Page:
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Whisky

The origin of Whisky

The term ‘whisky’ derives originally from the Gaelic ‘uisge beatha’, or ‘usquebaugh’, meaning ‘water of life’. Gaelic is that branch of Celtic spoken in the Highlands of Scotland.

Whisky has been distilled in Scotland for hundreds of years. There is some evidence to show that the art of distilling could have been brought to the country by Christian missionary monks, but it has never been proved that Highland farmers did not themselves discover how to distill spirits from their surplus barley.

The earliest historical reference to whisky comes much later, Mr J Marshall Robb, in his book ‘Scotch Whisky’, says: ‘The oldest reference to whisky occurs in the Scottish Exchequer Rolls for 1494, where there is an entry of ‘eight bolls of malt to Friar John Cor wherewith to make aquavitae’. A boll was an old Scottish measure of not more than six bushels. (One bushel is equivalent to 25.4 kilograms)

When King James IV was in Inverness during September 1506, his Treasurer’s Accounts had entries for the 15th and 17th of the month respectively: ‘For aqua vite to the King. . .’ and ‘For ane flacat of aqua vite to the King. . .’. lt is probable that the aquavitae in this case was spirit for drinking.

Irish whiskey

Japanese whisky

  • Glengoyne 15 year old-Whisky-0
  • Isle of Skye 8 year old Malta-Whisky-1
  • Isle of Skye 12 year old Malta-Whisky-2
  • Glengoyne 12 year old Malta-Whisky-6
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  • GlenGlengoyne 18 year old malta-Whisky-17
  • The Nikka Whisky Distilling Co. Ltd. (ニッカウヰスキー株式会社) is one of the main producers of Japanese whisky and other beverages headquartered in Tokyo. Enjoyed daily in Malta & Gozo

     

    Masataka_Taketsuru_Nikka_Founder

    In 1918, Masataka Taketsuru embarked alone on a long voyage to Scotland. In this distant land the secrets of whisky-making would be imparted to this young Japanese man.

    Masataka Taketsuru was born in the coastal town of Takehara (now Takehara City) about 60km from Hiroshima City. The Taketsuru family owned a sake brewery that goes back to 1733, and continues to produce fine sake today, in 2004. Taught early on that sake making is a painstaking fine art, Masataka studied diligently and trained at university as an organic chemist, at the University of Glasgow, preparing to carry on the family trade.

    Masataka Taketsuru was born in the coastal town of Takehara (now Takehara City) about 60km from Hiroshima City. The Taketsuru family owned a sake brewery that goes back to 1733, and continues to produce fine sake today, in 2004. Taught early on that sake making is a painstaking fine art, Masataka studied diligently and trained at university as an organic chemist, at the University of Glasgow, preparing to carry on the family trade.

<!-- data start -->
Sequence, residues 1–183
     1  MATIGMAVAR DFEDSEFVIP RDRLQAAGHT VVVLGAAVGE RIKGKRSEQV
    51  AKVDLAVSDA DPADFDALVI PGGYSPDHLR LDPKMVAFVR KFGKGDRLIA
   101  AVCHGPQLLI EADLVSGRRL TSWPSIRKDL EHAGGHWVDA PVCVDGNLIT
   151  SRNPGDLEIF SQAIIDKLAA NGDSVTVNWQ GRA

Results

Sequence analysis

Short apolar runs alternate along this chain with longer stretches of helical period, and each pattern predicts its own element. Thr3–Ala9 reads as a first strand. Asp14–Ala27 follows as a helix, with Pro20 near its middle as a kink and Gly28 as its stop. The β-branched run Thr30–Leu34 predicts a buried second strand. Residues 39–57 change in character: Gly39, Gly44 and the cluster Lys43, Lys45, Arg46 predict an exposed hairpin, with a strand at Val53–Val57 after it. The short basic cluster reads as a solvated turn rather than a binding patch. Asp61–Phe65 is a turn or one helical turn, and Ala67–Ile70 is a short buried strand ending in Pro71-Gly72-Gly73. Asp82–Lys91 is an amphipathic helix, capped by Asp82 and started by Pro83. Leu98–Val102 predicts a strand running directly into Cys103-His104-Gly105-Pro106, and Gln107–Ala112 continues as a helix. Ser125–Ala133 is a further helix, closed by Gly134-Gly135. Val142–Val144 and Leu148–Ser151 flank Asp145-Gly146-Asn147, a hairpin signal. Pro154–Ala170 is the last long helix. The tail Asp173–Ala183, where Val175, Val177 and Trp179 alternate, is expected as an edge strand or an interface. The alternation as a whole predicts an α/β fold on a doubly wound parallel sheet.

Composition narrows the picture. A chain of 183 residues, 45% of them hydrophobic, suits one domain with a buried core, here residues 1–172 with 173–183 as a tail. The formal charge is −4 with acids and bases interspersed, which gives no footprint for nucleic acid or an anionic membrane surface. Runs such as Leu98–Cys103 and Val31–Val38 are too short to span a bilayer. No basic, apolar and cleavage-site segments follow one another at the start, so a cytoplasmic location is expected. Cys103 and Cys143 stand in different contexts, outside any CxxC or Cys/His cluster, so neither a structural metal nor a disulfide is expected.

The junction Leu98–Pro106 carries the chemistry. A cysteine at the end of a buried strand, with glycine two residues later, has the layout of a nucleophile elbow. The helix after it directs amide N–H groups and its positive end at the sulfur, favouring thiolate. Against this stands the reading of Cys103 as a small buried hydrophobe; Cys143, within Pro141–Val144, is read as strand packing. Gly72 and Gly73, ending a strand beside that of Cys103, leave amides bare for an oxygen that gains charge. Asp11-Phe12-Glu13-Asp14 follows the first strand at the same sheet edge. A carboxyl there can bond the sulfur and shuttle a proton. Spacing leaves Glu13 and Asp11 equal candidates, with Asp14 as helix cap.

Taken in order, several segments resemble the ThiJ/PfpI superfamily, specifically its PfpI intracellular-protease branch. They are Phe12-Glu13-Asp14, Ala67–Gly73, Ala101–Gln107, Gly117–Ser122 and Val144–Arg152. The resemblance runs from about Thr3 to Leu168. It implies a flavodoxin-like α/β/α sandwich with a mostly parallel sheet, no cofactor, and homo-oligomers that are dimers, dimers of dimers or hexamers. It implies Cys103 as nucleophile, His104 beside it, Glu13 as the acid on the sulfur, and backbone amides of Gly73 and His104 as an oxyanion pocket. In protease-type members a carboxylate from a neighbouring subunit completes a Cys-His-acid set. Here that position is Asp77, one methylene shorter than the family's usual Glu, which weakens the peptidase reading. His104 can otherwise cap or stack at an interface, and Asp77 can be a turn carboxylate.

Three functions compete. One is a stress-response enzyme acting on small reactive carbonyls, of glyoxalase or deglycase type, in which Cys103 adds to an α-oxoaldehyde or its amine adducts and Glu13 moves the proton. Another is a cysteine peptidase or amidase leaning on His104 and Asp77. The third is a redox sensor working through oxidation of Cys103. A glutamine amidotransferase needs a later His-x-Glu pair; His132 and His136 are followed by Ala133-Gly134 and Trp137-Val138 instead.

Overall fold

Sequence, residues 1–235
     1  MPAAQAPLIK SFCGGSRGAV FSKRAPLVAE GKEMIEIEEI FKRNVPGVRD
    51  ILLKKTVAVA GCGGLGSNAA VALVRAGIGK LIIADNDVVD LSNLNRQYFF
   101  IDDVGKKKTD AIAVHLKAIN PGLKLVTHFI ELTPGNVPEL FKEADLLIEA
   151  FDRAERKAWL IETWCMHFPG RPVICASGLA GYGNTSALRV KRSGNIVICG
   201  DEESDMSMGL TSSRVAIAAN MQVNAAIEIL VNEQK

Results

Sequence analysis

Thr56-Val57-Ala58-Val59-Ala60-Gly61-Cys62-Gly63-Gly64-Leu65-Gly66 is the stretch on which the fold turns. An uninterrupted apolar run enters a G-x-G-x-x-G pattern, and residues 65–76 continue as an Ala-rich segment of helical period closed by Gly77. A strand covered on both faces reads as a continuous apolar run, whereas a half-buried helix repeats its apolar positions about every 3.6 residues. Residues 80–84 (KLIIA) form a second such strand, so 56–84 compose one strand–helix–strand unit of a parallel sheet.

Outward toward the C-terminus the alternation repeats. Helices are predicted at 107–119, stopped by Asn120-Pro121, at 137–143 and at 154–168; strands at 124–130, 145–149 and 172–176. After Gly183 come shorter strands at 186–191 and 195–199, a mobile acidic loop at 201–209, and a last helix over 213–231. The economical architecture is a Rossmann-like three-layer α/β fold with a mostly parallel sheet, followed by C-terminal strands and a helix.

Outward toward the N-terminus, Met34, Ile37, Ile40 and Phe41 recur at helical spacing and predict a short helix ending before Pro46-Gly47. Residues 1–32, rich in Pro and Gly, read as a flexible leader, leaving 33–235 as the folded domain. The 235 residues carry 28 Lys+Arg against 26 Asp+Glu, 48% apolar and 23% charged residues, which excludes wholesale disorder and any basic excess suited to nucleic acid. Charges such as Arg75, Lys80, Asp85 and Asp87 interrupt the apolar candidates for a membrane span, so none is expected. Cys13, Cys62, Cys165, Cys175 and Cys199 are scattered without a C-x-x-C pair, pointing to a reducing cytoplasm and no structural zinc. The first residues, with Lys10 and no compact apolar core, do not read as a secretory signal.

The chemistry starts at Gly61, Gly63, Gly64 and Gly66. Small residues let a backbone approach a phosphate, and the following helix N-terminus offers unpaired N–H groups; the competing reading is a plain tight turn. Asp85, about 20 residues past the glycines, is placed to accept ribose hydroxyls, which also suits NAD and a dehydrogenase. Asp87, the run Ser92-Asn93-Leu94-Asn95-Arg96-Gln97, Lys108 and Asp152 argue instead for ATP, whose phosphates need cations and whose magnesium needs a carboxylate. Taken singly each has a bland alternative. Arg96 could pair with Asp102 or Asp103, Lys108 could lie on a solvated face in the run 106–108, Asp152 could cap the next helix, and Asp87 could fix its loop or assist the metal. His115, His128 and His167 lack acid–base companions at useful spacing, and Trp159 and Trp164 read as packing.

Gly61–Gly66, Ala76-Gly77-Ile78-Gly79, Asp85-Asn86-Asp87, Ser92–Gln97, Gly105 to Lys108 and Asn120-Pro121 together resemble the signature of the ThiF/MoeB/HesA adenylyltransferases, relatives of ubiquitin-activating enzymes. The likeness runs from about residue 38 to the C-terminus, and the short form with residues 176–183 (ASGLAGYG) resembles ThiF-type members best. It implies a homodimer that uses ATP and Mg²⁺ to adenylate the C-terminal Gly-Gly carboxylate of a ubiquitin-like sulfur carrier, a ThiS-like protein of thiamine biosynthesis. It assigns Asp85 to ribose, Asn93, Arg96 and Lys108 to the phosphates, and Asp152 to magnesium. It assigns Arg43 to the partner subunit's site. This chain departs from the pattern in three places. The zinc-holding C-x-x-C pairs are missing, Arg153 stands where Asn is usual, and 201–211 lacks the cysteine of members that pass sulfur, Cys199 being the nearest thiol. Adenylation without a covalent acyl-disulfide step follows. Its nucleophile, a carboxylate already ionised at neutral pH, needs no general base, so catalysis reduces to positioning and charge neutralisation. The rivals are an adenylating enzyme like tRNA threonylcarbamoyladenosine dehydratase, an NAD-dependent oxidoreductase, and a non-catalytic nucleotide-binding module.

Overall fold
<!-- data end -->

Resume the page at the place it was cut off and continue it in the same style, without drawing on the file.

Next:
However, Scotch whisky captured the young man's imagination, as well as the interest of few other enterprising Japanese of that day. He decided to dedicate his life to whisky. In 1920 Masataka returned to Japan. Later joining a company that aspired to make genuine whisky, he succeeded under its employment in producing Japan's first whisky.

    Masataka's vision of whisky was formed by his experience in Scotland, and he knew that the right environment was essential. However, it was becoming apparent that in order to produce whisky as he felt it had to be, he would have to become independent. Thus in 1934 Masataka established Nikka Whisky, and built its first distillery in Yoichi, Hokkaido, which-- though inconveniently located-- he had always considered to be the ideal site in Japan for whisky-making, similar in many ways to the Scottish town where he had studied.

    Masataka established Nikka because he was determined to introduce his fellow Japanese to the joys of authentic whisky. In the decades since, as his company developed. Never did he allow it to be sacrificed in favor of efficiency.

    The company operates a number of distilleries and other facilities in Japan, including two Japanese whisky distilleries, the Yoichi distillery in Yoichi, Hokkaidō (established in 1934), and the Miyagikyo distillery in Aoba-ku, Sendai, Miyagi Prefecture, Northern Honshū (established in 1969).

    •     Yoichi Distillery produces rich, peaty and masculine malt. The whisky gets its distinct aroma and body from direct heating distillation, in which the pot stills are heated with finely powdered natural coal--the traditional method that is hardly ever used today, even in Scotland.
    •     The MIYAGIKYO Distillery was selected for whisky production because of its clean air, just the right humidity for storage, and abundant underground water filtered through a layer of peat. Sendai's fresh water, suitable humidity and crisp air produce soft and mild malt.
    Please see Japanese Whisky here. " class="wine" rel="group">
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